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Melissa's presentation was fascinating.
Always remembering that conditions are very different in Norway , basically Melissa went to Norway to study a beekeepers hives they had not been treated for nearly 20 years (buckfast) and she then tried to find and breed the same resistance traits in carniolains.
This has been done successfully. The resistant bees uncapp and re-capp the brood sometimes multiple times and the best hives are the ones that do this the most accurately i.e. find the varoa.These bees do not remove the brood. It is unclear why this results in varoa control but there appears to be more than enough evidence that it works. All of this is done by selection and then natural mating rather than AI.
I would have to study Melissa's findings a lot more to be able to answer every question but you can see this type of uncapping\capping in New Zealand once you know what to look for and I saw it yesterday in my better bee Queen.
This type of resistance has been found in multiple other countries.
It will be in New Zealand but because it doesn't seeem to be found in drone brood it may not control varoa sufficiently here but it would definitely help keeping hives healthy and alive.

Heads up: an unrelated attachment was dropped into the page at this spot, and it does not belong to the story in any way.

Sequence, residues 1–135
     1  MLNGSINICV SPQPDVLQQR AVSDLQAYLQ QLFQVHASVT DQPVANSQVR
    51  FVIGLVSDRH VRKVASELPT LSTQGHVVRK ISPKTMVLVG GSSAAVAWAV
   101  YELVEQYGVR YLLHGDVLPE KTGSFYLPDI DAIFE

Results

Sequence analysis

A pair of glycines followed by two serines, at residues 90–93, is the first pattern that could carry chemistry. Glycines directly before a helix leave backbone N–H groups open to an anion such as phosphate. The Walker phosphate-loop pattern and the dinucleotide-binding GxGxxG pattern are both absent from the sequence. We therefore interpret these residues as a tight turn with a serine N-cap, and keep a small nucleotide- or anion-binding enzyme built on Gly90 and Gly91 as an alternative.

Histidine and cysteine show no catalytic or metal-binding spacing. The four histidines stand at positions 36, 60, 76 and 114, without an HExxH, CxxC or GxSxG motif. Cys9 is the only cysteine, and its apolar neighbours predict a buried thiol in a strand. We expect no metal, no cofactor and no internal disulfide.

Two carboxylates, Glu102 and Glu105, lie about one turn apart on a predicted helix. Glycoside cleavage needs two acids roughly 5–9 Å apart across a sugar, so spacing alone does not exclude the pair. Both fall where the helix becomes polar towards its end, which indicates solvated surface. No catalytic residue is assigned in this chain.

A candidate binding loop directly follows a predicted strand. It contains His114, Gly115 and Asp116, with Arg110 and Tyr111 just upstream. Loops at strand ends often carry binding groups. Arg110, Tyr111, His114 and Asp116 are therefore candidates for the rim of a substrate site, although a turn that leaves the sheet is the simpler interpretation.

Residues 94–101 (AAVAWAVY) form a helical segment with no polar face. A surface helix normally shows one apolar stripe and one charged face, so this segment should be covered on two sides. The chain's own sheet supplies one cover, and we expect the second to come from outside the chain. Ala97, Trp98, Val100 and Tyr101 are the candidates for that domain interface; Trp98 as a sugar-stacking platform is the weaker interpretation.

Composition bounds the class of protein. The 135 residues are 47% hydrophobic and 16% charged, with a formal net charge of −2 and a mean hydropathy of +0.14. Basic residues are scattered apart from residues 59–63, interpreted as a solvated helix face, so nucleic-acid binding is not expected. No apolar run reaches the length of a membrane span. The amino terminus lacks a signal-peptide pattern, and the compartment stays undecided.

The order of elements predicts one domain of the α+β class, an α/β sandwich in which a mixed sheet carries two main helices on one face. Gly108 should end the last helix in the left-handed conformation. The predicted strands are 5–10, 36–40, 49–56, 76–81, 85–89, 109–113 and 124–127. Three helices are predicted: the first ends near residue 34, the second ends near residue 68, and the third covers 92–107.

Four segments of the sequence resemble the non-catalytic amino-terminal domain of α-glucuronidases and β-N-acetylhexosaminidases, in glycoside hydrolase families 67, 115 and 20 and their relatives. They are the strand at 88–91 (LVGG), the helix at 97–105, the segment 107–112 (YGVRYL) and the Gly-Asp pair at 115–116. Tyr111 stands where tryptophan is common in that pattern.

is this in writing anywhere we could read it?
there has been many people claiming this sort of thing over the years. so i like to see the proof. there is other factors that can be at play.

i don't see any reason someone could not do it here, hardest thing is it takes time. but AI could speed it up a bit. however i could see it being a victim of its own success.
not sure whats happening with betta bees these days, last i heard that was up for sale and its plug was about to be pulled.
 

Alastair

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Bettabees ran out of funding when the money went out of beekeeping, and the beekeepers who were shareholders could not afford to fund it any more. It was put up for sale, and eventually the assets were purchased by Frans Lars, who had been managing it when it was Bettabees.

Frans is continuing the good work and has now made breeder queens available to anyone, not just the 40 or so shareholders who had sole rights to them when it was Bettabees.